Declaring that the Media Research Center “is a much more biased organization than any institution in the MSM," CBS Evening News Executive Producer Jim Murphy, on the CBS News “Public Eye” blog on Thursday, criticized two MRC CyberAlert articles I wrote which were first posted this week on NewsBusters. Public Eye Editor Vaughn Ververs asked Murphy to comment on a September 20 NewsBusters item, “CBS: Bush Should 'Wake Up and Smell the Coffee.'” Murphy seemed befuddled by the article: “Please explain to me what's WRONG with pointing out the President spoke from an air-conditioned tent, which to most people on the gulf would be a more than welcome relief from their existence. It was not gratuitous, it was an interesting note” and the CBS reporter's “use of the well-known phrase, 'wake up and smell the coffee,' was attributed to the restaurant owners as THEIR feeling, NOT hers. It's just good, colorful, pointed writing.” (The MRC's Michelle Humphrey tracked down a still shot of Murphy from a May of 2004 appearance on CNN.)
Murphy was similarly flummoxed by the September 21 NewsBusters article, “CBS Trumpets Carter's Criticism of Bush Administration,” contending that “we simply reported it because the former President SAID it.”
But Murphy's reasoning is a tautology. I was criticizing the judgment of CBS News on what is news. Other outlets did not choose to highlight Bush's air-conditioned surroundings, how one woman at a French Quarter restaurant assailed him for not experiencing their suffering or what Jimmy Carter said. Carter makes comments nearly every day. CBS chose to report this particular comment on this day. CBS decided that the restaurant owner's comment was more newsworthy than any number of other soundbites they could have run. The story reflected an agenda. By Murphy's reasoning, my articles should be beyond criticism since they accurately quoted what CBS reported.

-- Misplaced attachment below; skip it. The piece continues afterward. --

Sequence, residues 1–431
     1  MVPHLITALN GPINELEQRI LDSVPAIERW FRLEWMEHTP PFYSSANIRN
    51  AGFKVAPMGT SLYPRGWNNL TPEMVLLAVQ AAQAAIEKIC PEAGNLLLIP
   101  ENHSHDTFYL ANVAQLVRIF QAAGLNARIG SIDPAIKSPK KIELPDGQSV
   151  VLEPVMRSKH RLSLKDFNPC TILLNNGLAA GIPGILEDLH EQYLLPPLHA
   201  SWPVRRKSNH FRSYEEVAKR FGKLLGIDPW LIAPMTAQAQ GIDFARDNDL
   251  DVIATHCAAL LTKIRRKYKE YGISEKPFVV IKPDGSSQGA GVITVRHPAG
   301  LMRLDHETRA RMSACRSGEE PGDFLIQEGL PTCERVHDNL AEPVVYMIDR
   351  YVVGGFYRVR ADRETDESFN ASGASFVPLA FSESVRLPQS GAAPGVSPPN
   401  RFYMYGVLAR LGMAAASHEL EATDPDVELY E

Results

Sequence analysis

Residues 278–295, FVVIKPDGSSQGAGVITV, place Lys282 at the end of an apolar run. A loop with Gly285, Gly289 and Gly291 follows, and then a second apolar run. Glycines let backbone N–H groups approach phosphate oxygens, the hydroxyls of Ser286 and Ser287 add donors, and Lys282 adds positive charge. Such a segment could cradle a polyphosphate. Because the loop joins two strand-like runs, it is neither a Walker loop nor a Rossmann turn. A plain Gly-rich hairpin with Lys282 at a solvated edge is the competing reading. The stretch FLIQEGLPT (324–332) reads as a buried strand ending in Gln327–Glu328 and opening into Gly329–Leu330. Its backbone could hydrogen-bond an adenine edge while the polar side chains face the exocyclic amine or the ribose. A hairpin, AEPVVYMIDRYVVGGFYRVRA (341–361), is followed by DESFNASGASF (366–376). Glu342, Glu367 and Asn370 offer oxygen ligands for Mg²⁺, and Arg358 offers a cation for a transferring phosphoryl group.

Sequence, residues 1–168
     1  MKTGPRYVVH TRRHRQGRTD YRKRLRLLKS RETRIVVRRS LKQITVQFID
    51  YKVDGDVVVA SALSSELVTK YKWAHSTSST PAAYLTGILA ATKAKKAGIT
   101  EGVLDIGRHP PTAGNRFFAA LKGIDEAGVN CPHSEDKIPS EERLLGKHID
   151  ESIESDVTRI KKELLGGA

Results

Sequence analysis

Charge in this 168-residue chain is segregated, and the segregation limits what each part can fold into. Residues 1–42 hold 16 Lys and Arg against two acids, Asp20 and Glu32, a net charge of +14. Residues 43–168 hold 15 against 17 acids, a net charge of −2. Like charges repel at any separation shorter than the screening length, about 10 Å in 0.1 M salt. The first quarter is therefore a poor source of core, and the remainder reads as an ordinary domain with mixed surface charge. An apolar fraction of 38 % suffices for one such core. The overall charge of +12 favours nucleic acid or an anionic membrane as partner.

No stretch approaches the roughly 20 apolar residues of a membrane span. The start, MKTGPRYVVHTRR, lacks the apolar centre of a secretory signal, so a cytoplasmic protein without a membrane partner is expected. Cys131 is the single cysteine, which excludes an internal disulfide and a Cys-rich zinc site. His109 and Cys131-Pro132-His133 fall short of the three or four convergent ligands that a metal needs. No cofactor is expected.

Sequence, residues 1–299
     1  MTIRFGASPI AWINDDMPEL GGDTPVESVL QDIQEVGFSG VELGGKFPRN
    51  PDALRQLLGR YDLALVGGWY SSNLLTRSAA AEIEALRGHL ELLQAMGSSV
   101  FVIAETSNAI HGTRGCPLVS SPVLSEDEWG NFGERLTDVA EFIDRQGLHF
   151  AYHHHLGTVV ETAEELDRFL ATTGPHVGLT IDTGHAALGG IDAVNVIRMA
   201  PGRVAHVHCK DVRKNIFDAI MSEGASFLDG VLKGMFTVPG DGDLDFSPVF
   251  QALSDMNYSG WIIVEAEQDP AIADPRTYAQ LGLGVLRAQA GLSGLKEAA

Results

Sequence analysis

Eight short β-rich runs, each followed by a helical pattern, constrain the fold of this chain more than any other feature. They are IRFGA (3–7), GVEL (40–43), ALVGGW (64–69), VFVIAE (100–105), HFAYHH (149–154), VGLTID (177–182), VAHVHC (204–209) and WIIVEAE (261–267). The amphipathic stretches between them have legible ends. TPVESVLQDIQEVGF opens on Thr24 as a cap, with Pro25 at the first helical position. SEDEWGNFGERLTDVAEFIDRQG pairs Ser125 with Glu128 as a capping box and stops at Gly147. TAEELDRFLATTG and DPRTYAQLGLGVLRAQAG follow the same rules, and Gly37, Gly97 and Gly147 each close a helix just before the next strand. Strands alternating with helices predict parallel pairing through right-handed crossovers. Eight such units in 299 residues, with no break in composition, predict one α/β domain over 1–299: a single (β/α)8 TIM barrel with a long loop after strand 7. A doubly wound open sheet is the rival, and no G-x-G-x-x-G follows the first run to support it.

Public Eye Editor Ververs conceded the NewsBusters/MRC piece on Bush had a point about CBS's "attitude." That and a bit more from Murphy follows.
The former movie star, now Governor of California, Arnold Schwarzenegger, told the Sacramento Bee that he would "kill" anyone who took one of his minor daughters for an abortion without telling him.
The story recounts that turnout in Kabul in the midterm election just conducted was slightly over one-third of eligible voters. The writers and editors of this article then conclude:
SPOILER ALERT: For those of you who intend to see the movie, I guess it's only fair to mention the heart of this post is based on a spoiler for the film. You've been warned.
[Hat tip to Rotten Tomatoes]
If your local movie reviewer seems snippier than usual in his/her take on the latest romantic comedy vehicle for Reese Witherspoon, Just Like Heaven, well, it might have a bit to do with the writer's politics.
One kudo for the New York Times today for the front page story by David Dunlap on the important ideological battle over a proposed museum at the site of the Twin Towers ("Freedom Museum Is Headed For Showdown at Ground Zero").